Neither of those would get in the way of Oklahoma City trading for Rudy Gay, however. It’s the rumor that won’t die. The report has been floated by Adrian Wojnarowski of The Vertical and more recently by ESPN’s Zach Lowe.
Gay would give the Thunder the additional scorer and creator they badly need. Even if he doesn’t drop 20 points per night, the team could benefit in other ways with his presence. He may add just enough gravity to the floor that makes defenses adapt.
Perhaps it would help create just enough space for those pocket passes Westbrook loves to throw to his big men or give shooters another half-second to spot up.
The fit could be odd in other ways. Sacramento Kings Coach Dave Joerger recently moved Gay to power forward, which may now be his most comfortable position. Oklahoma City has a surplus of bigs and would only use Gay at the 4-spot situationally; Playing traditional big lineups is part of its identity as an athletic and physical team.
Gay can also opt out of his contract and become a free agent in the summer of 2017. That doesn’t necessarily mean Oklahoma City would be renting his services. There could be a long-term plan in mind for him, but he will be 31 years old when next season tips. The Thunder model doesn’t often include locking up aging players for the kind of money Gay could demand.
But there’s also the fact that Oklahoma City won’t be in position to track down a scorer like Gay in free agency:
A potential deal could be on hold until Payne returns. Wojnarowski reported in late October that the Thunder and Kings were “seriously engaged” in trade talks, but those stalled when Payne broke his foot.
Whether it’s Gay or another proven scorer, the Thunder need help. Expect them to be active as the trade market opens up.
Westbrook is entitled to the occasional “crappy” night, but the Thunder need to have a chance of surviving when he does.
THUNDER INSIDER’S NOTES
Standing in the Hall of Fame
Westbrook was inducted into the Oklahoma Hall of Fame Thursday night. He called for unity in his acceptance speech. “I feel there is always room to grow,” he said. “I can be better, you can be better, and we can be better together.”
“I accept this award for all the young kids who are told because of the color of their skin, where they come from or what talent they don’t have, they somehow can’t achieve.”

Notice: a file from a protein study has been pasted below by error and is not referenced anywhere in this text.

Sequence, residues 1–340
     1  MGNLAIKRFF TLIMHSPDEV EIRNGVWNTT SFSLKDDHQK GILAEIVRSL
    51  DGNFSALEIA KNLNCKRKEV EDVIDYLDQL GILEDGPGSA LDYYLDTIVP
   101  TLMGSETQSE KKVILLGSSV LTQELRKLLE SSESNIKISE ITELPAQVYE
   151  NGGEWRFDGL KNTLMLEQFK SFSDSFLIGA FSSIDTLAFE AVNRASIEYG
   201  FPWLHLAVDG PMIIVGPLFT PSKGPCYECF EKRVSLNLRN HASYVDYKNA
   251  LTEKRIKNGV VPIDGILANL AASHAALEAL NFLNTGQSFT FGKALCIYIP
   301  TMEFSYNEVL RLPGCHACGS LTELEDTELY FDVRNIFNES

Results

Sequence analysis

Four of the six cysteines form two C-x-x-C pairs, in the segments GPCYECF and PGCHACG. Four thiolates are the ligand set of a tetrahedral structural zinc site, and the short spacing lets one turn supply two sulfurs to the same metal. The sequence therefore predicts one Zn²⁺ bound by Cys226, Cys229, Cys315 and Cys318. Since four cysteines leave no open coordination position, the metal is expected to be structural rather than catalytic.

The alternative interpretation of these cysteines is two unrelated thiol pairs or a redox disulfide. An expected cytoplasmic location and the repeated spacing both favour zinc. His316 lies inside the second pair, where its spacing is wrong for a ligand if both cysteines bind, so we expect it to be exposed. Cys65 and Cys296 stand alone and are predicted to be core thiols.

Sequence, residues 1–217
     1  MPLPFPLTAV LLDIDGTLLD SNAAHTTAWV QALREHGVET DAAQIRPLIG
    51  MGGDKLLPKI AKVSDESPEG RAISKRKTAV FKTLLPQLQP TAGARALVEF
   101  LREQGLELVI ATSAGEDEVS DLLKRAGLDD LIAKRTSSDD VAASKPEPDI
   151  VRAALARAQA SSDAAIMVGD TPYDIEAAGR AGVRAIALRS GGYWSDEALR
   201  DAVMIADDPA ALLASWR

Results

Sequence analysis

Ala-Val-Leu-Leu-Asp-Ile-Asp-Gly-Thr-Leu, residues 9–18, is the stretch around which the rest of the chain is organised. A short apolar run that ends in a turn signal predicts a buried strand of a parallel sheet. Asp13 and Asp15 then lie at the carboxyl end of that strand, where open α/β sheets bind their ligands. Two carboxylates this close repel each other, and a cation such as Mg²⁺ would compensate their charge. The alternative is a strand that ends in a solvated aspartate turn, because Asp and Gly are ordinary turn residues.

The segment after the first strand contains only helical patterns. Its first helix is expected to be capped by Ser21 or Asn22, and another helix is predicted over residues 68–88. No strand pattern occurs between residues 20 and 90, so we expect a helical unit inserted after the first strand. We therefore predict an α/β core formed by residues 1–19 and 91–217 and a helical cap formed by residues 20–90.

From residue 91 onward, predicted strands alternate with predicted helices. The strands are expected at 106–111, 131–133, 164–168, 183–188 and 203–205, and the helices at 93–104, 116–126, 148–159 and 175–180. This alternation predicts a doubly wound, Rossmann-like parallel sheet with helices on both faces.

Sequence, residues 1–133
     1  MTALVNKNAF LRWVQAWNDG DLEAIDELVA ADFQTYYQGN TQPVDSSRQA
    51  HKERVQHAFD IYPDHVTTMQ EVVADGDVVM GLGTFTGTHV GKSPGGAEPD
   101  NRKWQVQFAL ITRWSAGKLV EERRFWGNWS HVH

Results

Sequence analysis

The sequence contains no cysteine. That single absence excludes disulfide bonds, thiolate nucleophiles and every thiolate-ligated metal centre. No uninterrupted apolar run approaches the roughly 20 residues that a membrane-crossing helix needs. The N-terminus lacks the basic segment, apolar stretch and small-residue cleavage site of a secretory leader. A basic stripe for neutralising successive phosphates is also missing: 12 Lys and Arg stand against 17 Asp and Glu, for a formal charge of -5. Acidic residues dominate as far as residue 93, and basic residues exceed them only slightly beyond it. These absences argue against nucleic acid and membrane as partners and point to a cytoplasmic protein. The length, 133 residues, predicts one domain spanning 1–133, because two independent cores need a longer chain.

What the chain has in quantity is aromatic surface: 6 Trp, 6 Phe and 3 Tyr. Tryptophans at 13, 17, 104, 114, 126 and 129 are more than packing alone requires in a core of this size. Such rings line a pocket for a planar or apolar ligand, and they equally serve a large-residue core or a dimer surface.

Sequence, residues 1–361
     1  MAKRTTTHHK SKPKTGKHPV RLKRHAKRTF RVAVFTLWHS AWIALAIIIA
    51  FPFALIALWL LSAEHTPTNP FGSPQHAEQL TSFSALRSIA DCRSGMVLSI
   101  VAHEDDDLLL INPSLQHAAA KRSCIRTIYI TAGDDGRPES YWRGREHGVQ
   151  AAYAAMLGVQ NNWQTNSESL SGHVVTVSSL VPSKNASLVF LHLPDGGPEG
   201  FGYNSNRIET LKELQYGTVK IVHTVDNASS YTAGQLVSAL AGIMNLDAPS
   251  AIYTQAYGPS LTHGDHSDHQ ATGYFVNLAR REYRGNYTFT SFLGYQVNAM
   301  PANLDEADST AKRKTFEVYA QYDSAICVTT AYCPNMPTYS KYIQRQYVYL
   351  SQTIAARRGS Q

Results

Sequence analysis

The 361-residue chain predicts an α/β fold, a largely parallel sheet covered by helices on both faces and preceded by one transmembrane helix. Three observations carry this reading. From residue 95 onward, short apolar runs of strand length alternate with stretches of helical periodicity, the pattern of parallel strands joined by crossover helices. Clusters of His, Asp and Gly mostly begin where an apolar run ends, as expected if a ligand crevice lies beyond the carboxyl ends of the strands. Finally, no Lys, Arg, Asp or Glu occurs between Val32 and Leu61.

Donovan praised the superstar’s speech. “When he talks he really speaks from his heart,” he said. “He’s very genuine and he’s very real.”
Westbrook was introduced by Michael Jordan, owner of the Charlotte Hornets and possibly the greatest player ever. “I see a lot of resemblance in his passion for the game of basketball in the way I play the game of basketball,” Jordan said.
Jordan won over the room by mentioning Westbrook’s loyalty. "
He decided to stay here in Oklahoma. I'm not here to try to bash anyone that's not here,” Jordan said to the approval of the crowd.
“Everybody has a choice. When I saw he chose to stay in Oklahoma, I was so proud."
Thumbs Down, Mate
Center Steven Adams hurt his thumb against the Miami Heat more than two weeks ago. He’s worn a wrap around it since then. He won’t admit it, but it’s impacted his play.
"He’s just not gonna acknowledge if his hand’s really bothering him or not," Donovan said. "I think that’s probably a futile attempt. He’s just not that kinda guy. He’s a warrior, Steven. He’s just gonna go out there, and he’s gonna compete and do the very best he can, and he’s not gonna complain."
In the seven games since hurting his thumb, Adams is averaging 9.4 points on .478 shooting. That’s down from 11 points and .528 shooting during the six games prior to the Miami match. He’s had noticeable trouble gripping the basketball.
"I’ve played enough games with the wrap for me to be used to it,” said Adams.
He has a point: It’s the same thumb that was wrapped during last season’s playoff run.
Stats accurate as of Monday, November 21, 2016.